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London Bombing Overshadows G-8

British Prime Minister Tony Blair, center, speaks during a group photo of G8 and other leaders at the Gleneagles Hotel in Auchterarder, Scotland
The G-8 summit of industrial nations is continuing in Gleneagles, Scotland despite the terrorist bombings in London. Summit members have indicated that ending the summit early would play into the hands of those who killed dozens of innocent civilians in the British capital.

The G-8 members met in peace. But their summit was overshadowed by bloodshed.

British Prime Minister Tony Blair, who had worked tirelessly to make the meeting a success, left Gleneagles to return to London to see the damage and comfort the victims.

In his absence, Foreign Secretary Jack Straw sat in the chairman's seat, overseeing the summit discussions as they moved from economic matters and global warming to regional issues, including Iraq and Iran.

As the Thursday session neared its close, U.S. officials said work is nearly complete on the main summit documents. All will be released Friday, including statements on climate change, aid to Africa and terrorism.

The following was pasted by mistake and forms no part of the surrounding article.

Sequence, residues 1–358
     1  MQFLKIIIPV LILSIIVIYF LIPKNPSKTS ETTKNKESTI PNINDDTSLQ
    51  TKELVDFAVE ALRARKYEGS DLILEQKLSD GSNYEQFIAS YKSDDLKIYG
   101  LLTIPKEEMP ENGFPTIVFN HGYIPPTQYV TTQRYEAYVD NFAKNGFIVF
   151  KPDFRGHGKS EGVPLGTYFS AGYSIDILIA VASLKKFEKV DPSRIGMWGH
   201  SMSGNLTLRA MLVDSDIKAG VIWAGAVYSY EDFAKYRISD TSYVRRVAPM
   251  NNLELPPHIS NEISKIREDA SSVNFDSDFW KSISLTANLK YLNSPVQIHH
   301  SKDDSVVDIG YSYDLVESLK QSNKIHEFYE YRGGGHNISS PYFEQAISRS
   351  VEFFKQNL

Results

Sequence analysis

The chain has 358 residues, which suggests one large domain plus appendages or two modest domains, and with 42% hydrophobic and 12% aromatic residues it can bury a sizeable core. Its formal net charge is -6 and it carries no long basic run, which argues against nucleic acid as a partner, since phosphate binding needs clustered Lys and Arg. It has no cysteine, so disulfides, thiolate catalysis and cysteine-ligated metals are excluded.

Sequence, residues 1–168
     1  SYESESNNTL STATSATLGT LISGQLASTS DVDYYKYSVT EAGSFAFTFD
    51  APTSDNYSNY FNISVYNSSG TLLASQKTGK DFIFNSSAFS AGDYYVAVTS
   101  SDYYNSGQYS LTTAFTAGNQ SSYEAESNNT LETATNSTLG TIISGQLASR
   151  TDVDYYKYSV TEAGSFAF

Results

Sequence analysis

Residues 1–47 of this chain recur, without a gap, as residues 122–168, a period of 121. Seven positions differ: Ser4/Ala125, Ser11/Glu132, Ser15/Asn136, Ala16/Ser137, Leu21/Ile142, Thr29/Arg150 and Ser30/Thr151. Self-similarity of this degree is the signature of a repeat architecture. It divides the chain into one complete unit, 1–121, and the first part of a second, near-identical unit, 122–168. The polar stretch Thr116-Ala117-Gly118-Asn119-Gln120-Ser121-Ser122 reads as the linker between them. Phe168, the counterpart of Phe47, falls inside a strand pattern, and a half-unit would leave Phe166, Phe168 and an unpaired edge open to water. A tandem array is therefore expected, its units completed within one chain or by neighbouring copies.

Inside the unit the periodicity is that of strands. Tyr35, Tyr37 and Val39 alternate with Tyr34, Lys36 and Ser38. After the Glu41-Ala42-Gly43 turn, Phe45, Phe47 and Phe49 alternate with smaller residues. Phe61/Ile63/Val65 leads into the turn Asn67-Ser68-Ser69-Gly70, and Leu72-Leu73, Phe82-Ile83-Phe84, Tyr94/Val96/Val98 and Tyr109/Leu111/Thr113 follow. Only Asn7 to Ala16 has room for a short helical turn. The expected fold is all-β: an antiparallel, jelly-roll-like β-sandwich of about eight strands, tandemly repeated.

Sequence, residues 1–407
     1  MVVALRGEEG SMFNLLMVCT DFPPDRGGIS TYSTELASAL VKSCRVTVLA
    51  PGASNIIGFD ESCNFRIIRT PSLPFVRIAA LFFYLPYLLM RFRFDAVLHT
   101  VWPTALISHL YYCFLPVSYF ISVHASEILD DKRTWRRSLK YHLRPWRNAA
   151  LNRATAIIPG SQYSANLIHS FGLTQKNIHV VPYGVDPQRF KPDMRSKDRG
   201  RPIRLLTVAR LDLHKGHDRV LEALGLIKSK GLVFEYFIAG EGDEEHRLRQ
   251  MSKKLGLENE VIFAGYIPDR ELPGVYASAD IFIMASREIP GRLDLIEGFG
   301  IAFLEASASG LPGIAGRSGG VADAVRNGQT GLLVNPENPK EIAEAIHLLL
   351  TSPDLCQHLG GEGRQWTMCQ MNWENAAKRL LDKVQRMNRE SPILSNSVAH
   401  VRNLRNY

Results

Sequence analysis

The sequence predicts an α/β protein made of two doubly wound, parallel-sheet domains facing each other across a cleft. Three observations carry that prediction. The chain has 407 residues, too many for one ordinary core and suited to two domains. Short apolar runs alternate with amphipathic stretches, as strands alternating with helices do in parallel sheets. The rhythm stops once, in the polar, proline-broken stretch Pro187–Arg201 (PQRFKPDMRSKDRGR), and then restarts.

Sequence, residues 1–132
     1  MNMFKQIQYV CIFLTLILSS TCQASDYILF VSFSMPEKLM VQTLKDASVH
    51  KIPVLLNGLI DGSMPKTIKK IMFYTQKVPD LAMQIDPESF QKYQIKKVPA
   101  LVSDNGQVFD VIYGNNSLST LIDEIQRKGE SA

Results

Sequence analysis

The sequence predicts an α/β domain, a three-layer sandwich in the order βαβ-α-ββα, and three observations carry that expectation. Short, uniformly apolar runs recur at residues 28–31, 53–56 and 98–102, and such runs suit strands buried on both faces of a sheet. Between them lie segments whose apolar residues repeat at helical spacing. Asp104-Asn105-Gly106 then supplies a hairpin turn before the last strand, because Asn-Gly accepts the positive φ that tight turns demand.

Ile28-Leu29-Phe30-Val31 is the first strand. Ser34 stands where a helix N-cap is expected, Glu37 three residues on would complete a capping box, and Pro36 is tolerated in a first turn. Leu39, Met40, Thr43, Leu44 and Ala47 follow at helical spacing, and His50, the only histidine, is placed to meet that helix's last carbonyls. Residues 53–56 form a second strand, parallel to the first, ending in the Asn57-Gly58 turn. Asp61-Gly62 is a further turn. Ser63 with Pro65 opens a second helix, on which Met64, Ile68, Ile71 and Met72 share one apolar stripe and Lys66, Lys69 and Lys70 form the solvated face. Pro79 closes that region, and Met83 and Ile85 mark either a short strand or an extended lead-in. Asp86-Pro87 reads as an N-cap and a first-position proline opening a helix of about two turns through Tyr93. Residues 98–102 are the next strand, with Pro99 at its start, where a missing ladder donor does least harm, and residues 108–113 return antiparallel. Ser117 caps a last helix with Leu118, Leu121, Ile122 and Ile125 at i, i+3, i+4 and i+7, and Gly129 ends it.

But the bombing in London is clearly having on impact on this summit, changing its tone to one of sorrow, anger and determination. In a national address to the British people, Prime Minister Blair vowed to find the terrorists behind the violence.

"There will, of course, now be the most intense police and security service action to make sure that we bring those responsible to justice," said Mr. Blair.

Mr. Blair said the bombings were committed by those acting in the name of Islam, though he quickly added that most Muslims deplore violence.

He said the terrorists are trying to frighten innocent people, and force them to change their way of life. He said once again that they will not succeed.

"It is through terrorism that the people that have committed this terrible act express their values," he added. "And it is right at this moment that we demonstrate ours."

The prime minister paid tribute to what he called "the stoicism and resilience of the British people." He said through their quiet and true strength they will show that their values will prevail.